Stack Explanation: I wanted real-time, virtually unlimited connections, and Elixir with WebSockets was built for this use case. I chose Gigalixir because it offers Elixir-focused platform-as-a-service.

    Lessons Learned: This project challenged me as a designer and as a programmer. How do I make this simple experience look and feel amazing? Success felt binary: it was either engaging or it was not. My takeaway is that I enjoy building products that follow my imagination.

  • Game of Life: This is my implementation of the classic cellular automaton and programming puzzle, Conway's Game of Life.

    Release Year: 2018

    Stack: React.js, TypeScript, Vercel

    Code: GitHub

    Live: View site

    Game of Life

    Purpose and Goal: I used this project as a vehicle to better learn React.js and contribute to a growing menagerie of GOL implementations by my team at Hashrocket.

    Stack Explanation: I knew this project would be highly visual, so I chose React.js, and difficult to test, so I added TypeScript. For hosting, Vercel's push-to-deploy and global CDN have been outstanding.

    Lessons Learned: React is a fantastic platform for visual programs. TypeScript helps me feel more confident in code I didn't test-drive.

  • Today I Learned: TIL was my apprentice project at Hashrocket. It has grown into a popular developers blog with 2000+ posts, millions of page views per year, and the top-ranked answers on Google to many an esoteric question. It's also open-source, one of the first such Phoenix repositories. My team used TIL as a vehicle to learn Elixir and develop our growing Elixir practice.

    Release Year: 2015

    Stack: Elixir, Phoenix, PostgreSQL, Heroku

    Code: GitHub

    Live: View site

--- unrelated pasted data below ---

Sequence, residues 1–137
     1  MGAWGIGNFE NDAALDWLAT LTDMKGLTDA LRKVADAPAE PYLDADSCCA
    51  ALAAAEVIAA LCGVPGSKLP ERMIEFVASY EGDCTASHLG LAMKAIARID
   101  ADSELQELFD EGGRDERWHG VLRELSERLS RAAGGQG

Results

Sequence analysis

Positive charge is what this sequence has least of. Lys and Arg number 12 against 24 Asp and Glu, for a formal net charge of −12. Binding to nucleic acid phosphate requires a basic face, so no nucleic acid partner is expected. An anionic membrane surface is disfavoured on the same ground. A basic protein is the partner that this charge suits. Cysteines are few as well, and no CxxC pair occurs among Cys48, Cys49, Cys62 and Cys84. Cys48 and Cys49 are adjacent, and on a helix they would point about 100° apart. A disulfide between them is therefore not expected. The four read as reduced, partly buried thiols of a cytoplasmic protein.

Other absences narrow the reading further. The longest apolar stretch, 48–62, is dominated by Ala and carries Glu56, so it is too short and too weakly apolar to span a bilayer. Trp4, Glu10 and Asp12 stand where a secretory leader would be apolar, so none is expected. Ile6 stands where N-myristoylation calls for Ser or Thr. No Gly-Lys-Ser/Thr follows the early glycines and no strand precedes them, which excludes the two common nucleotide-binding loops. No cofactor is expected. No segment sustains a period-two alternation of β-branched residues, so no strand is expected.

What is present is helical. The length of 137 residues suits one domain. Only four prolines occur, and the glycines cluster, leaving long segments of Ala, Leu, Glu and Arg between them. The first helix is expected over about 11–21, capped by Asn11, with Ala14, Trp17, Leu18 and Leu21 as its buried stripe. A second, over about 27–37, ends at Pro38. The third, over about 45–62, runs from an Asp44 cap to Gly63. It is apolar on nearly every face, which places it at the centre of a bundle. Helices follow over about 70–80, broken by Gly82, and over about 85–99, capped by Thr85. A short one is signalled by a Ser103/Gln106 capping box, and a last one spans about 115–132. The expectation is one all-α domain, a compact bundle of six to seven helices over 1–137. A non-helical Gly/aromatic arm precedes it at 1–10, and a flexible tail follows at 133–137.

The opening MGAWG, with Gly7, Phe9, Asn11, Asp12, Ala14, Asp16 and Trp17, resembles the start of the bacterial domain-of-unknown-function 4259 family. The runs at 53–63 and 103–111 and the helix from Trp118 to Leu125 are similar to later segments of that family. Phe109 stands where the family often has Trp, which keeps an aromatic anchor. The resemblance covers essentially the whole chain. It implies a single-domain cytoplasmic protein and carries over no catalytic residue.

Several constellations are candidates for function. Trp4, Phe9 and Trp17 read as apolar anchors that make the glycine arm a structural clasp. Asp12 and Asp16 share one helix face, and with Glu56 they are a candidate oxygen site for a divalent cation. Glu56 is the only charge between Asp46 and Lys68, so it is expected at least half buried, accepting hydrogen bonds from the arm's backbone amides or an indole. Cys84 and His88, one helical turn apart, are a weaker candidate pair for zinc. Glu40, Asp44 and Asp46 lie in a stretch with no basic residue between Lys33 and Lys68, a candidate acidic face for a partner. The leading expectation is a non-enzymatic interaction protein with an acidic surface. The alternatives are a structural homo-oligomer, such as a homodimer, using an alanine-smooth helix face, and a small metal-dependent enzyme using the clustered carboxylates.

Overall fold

Today I Learned

    Purpose and Goal: The purpose of this application was to help me develop my skills. Today, TIL exists to catalogue the sharing and accumulation of Hashrocket's knowledge as it happens day-to-day. Posts have a 200-word limit, and posting is open to any Rocketeer as well as selected friends of Hashrocket.

    Stack Explanation: We built TIL as a Ruby on Rails app. In 2016 we rewrote the application in Elixir to learn that language and see how Phoenix compared to Ruby on Rails.

    Lessons Learned: Learning in public is a timeless offering. Elixir is a joy. Phoenix stacks up well against Ruby on Rails.

  • Ceramic Nation: Ceramic Nation is an auto-generated internet novel, one chapter per day, supported by a Ruby gem I wrote called Remarkovable. It produces nonsensical, occasionally interesting writing based on a corpus of classic literature.

    Release Year: 2015

    Stack: Ruby, Ruby on Rails, PostgreSQL, Heroku

    Code: GitHub

    Live: View site

    Ceramic Nation

    Purpose and Goal: Hashrocket Chicago had a brief obsession with Markov chains: programs that produce content based on a statistical analysis of past content. Imagine listening to a person talk for an hour and then guessing what they'll say next; that's Markov. As a new developer on the team, I embraced FOMO and wrote my own implementation.

    Stack Explanation: Ceramic Nation is classic Ruby on Rails CRUD, which was my go-to stack when I wrote the application (ca. 2015).

    Lessons Learned: Generated content can be engaging. I can design my own frontend and feel satisfied with the result.

© 2022 Jake Worth.